Media Note: Images of cherry trees in high tunnels can be viewed and downloaded herehttps://cornell.box.com/v/HighTunnelCherries.
Newswise — ITHACA, N.Y. – Cherry producers in New York state and the Great Lakes region don’t have it easy. They face extreme temperatures in the winter, and in the summer, excessive rain can ruin the fruit. But if they can manage to avoid those risks, they stand to cash in: Cherries are one of the most profitable fruit crops, and there’s a growing demand in the Eastern U.S. for locally grown cherries.
Several long-term strategies can mitigate growers’ financial risks, from crop insurance to weather insurance to high tunnels – tall temporary greenhouses that extend up and over the cherry trees and protect them with plastic sheeting or netting.
But not much is known about which strategy offers the biggest bang for the fruit growers’ buck.
New Cornell University research offers growers guidance – and potentially significantly higher profits.
Cherry growers looking to mitigate weather risks could double their long-term net return per acre by using high tunnels, according to the study, for two reasons. Trees grown in high tunnels tend to produce bigger fruit, and that fruit matures faster than it would if it were grown in an open field.
That means higher quality cherries available earlier in the season. While other growers are still waiting for their fruit to ripen, growers using high tunnels are already picking and selling cherries at a premium price, the researchers said.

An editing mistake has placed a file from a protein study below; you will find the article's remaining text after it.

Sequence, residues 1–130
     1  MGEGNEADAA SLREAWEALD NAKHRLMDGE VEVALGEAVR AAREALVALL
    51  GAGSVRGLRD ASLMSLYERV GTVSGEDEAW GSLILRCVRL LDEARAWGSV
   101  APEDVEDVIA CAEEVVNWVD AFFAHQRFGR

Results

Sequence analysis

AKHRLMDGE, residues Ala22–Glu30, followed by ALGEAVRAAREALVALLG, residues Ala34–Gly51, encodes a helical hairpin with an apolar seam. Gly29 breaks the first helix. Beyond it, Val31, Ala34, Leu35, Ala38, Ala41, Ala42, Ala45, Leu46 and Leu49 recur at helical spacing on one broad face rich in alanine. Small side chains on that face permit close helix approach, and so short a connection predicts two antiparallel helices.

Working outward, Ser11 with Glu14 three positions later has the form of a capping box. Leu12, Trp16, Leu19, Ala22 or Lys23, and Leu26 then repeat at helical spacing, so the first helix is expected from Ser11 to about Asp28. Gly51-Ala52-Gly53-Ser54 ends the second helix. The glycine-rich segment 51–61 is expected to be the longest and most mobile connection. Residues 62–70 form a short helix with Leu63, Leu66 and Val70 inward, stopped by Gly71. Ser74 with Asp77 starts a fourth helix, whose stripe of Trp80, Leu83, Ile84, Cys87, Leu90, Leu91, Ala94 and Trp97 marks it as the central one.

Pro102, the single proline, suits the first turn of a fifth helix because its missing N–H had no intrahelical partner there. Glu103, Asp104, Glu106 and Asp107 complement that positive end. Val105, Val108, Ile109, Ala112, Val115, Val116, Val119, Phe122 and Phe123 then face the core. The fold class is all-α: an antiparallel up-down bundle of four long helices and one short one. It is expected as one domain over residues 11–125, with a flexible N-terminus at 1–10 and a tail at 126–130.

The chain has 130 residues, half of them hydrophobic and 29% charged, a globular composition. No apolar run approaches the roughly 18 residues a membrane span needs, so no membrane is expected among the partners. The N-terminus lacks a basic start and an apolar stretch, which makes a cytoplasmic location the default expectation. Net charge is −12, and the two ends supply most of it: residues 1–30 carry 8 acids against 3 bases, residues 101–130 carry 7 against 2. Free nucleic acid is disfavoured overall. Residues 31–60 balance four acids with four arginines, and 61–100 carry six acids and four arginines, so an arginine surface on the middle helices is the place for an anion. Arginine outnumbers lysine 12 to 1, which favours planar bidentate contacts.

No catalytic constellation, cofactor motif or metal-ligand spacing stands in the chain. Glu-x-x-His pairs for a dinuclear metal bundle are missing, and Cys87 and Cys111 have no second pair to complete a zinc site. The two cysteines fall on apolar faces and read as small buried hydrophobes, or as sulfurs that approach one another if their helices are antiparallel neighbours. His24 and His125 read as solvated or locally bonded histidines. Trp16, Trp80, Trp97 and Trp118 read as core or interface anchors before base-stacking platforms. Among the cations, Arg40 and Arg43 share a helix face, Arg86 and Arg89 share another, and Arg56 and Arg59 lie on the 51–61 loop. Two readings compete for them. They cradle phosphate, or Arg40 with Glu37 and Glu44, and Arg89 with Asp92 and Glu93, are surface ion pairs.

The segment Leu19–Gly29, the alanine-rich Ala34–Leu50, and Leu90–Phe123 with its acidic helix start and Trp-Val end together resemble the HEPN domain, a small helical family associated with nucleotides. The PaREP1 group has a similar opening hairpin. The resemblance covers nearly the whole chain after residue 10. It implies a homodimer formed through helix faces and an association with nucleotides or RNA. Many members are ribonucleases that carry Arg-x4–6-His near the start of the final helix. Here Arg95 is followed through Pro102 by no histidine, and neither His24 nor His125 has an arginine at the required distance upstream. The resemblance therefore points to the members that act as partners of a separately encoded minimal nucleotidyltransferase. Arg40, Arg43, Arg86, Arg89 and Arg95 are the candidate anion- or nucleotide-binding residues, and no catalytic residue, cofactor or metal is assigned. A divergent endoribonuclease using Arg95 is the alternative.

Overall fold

“Growing high-value fruits in a protected environment could be the future for New York growers,” said co-author Bradley Rickard, professor in applied economics and management. “Normally we don’t think of growing fruit crops in a greenhouse. We’re saying it’s definitely possible to do it, and it might even make economic sense to do it.”
Added lead author and doctoral candidate Shuay-Tsyr Ho: “We’re thinking of it long term, so you invest and then it pays off after 15 to 20 years. And these tunnels could be applicable to other high-value fruit crops that also have significant weather risk.”
The study, “Alternative Strategies to Manage Weather Risk in Perennial Fruit Crop Production,” is published online in Agricultural and Resources Economics Review. Ho and Rickard’s co-authors are Jennifer Ifft, assistant professor of applied economics and management, and Calum Turvey, professor of agricultural finance.
The study was supported by the U.S. Department of Agriculture.
Cornell University has television, ISDN and dedicated Skype/Google+ Hangout studios available for mediainterviews. For additional information, see this Cornell Chronicle story.